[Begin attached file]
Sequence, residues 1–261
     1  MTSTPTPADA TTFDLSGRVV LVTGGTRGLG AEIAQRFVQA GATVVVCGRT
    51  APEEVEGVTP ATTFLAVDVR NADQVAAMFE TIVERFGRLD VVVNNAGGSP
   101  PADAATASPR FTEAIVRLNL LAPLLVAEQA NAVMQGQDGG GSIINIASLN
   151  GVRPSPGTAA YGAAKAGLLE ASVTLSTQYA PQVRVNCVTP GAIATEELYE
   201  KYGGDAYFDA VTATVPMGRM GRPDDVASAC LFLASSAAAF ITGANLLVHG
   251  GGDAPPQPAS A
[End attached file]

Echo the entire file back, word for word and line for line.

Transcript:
Sequence, residues 1–261
     1  MTSTPTPADA TTFDLSGRVV LVTGGTRGLG AEIAQRFVQA GATVVVCGRT
    51  APEEVEGVTP ATTFLAVDVR NADQVAAMFE TIVERFGRLD VVVNNAGGSP
   101  PADAATASPR FTEAIVRLNL LAPLLVAEQA NAVMQGQDGG GSIINIASLN
   151  GVRPSPGTAA YGAAKAGLLE ASVTLSTQYA PQVRVNCVTP GAIATEELYE
   201  KYGGDAYFDA VTATVPMGRM GRPDDVASAC LFLASSAAAF ITGANLLVHG
   251  GGDAPPQPAS A